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US, NATO, Russia, Ukraine And The Whiteness Of Empire

Above photo: Anti-NATO protest in Chicago, 2012. Julie Dermansky.

Since the turn of the century the US has marched steadily eastward across Europe with an occupation force called NATO. Supposedly a military alliance, NATO is really just the US plus its subordinate nations. It’s hostile to many peoples of the world in West Asia/Middle East, Africa and Latin America, but it’s especially preoccupied with Russians. NATO’s newest members include: Bulgaria, Estonia, Latvia, Lithuania, Romania, Slovakia and Slovenia (all joined 2004); Albania and Croatia (both joined 2009); Montenegro (joined 2017) and North Macedonia (joined 2020); Georgia and Ukraine (not quite joined).

With each NATO goosestep eastward, I imagine Russian military experts thought hard about the obvious existential threat; about the many published US strategic planning documents openly calling for destruction and dismemberment of Russia; about US readiness to drop nuclear bombs for a purpose as trivial as a tactical post-war advantage over Russia’s predecessor state, the USSR (Hiroshima, Nagasaki); about US willingness to consider dropping nuclear bombs just to win a war far away in a poor third world country (Korea, Vietnam). I imagine, after Russia thought about these dangers, it decided to back off rather than place in jeopardy the survival of humanity. So at each successive US territorial advance, Russia stepped back.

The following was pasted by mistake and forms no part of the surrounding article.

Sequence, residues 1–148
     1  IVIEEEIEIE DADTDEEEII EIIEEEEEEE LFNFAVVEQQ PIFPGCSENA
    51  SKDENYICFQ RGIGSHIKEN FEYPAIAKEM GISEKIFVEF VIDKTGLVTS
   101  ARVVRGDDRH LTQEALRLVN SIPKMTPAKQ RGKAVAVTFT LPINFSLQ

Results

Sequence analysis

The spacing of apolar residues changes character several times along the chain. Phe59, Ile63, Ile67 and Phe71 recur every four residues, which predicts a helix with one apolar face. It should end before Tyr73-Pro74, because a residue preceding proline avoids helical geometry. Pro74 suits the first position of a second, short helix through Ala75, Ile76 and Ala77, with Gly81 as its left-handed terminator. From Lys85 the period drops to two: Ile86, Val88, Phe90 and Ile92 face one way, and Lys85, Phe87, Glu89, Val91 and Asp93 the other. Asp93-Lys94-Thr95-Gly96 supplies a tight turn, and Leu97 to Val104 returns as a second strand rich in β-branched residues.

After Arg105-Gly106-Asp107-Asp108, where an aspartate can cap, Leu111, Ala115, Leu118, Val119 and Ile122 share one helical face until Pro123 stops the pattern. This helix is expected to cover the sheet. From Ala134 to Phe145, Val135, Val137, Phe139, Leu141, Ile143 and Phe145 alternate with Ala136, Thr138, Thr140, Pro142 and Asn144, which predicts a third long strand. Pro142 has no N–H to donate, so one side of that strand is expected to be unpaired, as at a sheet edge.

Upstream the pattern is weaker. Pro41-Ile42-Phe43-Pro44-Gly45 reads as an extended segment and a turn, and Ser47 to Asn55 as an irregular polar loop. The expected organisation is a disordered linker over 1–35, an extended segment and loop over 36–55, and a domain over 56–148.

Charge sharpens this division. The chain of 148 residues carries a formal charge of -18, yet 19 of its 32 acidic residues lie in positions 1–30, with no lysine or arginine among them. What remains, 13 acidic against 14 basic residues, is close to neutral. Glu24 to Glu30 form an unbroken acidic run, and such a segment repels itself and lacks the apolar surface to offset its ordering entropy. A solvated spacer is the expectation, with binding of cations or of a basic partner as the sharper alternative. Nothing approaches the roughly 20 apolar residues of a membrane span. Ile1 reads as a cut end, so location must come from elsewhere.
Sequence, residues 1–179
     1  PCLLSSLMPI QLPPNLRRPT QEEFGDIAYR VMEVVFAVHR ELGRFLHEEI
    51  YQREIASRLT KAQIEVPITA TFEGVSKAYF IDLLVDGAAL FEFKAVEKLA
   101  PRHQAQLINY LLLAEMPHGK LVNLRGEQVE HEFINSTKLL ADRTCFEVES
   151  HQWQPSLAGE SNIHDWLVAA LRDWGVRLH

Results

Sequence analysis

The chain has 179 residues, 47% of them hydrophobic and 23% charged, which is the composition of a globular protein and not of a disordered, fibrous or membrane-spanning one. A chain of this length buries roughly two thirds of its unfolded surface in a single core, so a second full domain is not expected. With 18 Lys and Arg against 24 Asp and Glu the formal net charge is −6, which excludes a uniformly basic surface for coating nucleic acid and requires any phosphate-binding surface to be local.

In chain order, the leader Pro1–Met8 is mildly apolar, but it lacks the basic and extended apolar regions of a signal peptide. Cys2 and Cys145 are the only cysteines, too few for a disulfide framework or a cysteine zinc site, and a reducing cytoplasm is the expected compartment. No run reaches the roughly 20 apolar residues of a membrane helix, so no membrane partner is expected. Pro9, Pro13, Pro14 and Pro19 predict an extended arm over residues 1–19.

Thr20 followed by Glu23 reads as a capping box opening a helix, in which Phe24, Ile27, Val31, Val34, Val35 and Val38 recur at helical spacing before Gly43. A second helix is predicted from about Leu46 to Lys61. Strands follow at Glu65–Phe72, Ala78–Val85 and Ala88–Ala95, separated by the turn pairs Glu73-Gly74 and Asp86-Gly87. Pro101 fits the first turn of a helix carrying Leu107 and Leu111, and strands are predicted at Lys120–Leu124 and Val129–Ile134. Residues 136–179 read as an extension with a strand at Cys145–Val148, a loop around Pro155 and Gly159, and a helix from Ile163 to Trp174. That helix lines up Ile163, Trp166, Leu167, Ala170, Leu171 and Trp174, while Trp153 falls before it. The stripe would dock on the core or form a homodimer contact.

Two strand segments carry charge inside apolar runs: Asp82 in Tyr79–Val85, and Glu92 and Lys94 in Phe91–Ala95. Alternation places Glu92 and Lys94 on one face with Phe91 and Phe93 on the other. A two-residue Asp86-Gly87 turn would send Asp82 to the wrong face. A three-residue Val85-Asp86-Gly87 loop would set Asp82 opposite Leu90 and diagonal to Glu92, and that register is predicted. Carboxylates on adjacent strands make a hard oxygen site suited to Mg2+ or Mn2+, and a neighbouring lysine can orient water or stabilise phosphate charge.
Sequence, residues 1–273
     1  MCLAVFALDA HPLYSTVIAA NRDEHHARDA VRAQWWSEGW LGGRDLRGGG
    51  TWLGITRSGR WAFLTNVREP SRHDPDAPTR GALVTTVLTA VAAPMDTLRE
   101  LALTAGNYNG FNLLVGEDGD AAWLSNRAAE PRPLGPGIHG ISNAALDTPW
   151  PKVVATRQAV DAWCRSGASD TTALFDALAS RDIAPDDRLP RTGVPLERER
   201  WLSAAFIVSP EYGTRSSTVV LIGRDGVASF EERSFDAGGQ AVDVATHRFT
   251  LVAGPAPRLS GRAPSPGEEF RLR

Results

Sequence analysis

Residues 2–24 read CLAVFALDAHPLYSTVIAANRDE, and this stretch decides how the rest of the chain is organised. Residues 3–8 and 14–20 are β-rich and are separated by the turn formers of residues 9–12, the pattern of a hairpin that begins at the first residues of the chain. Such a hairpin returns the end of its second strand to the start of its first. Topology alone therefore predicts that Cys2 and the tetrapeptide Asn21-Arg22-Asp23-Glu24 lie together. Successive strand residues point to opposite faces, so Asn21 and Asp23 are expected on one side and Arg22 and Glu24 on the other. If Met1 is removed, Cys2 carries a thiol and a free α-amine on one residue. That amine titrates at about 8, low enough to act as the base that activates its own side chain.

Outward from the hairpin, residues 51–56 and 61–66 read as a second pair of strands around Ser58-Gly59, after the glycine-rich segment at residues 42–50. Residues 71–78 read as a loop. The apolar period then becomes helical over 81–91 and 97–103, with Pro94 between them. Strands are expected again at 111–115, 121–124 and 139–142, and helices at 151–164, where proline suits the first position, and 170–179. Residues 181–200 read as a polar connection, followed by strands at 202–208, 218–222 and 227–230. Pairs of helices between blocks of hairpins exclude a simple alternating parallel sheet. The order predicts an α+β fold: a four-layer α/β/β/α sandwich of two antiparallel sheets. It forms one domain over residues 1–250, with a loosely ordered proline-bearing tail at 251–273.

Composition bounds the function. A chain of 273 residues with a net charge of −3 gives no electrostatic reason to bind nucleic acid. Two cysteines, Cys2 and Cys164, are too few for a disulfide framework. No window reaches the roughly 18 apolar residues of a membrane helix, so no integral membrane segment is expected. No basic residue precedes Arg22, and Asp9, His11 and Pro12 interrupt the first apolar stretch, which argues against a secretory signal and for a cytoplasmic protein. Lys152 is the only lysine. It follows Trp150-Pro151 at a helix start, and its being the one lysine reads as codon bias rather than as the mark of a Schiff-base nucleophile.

The US has poured weapons, military advisors, and political operatives into Ukraine for years. It has long coveted Ukraine for NATO. So in 2014 the US arranged a coup, with neo-nazi help, against the democratically elected president. The people in the Donbas region in the east resisted that coup and formed the Donetsk and Lugansk People’s Republics in self-defense. The illegitimate government in Kiev attacked them, aided by their neo-nazi militias and supported by the US. By the end of 2021 the war had cost 14,000 lives; 11,000 had been Ukrainians opposing the coup.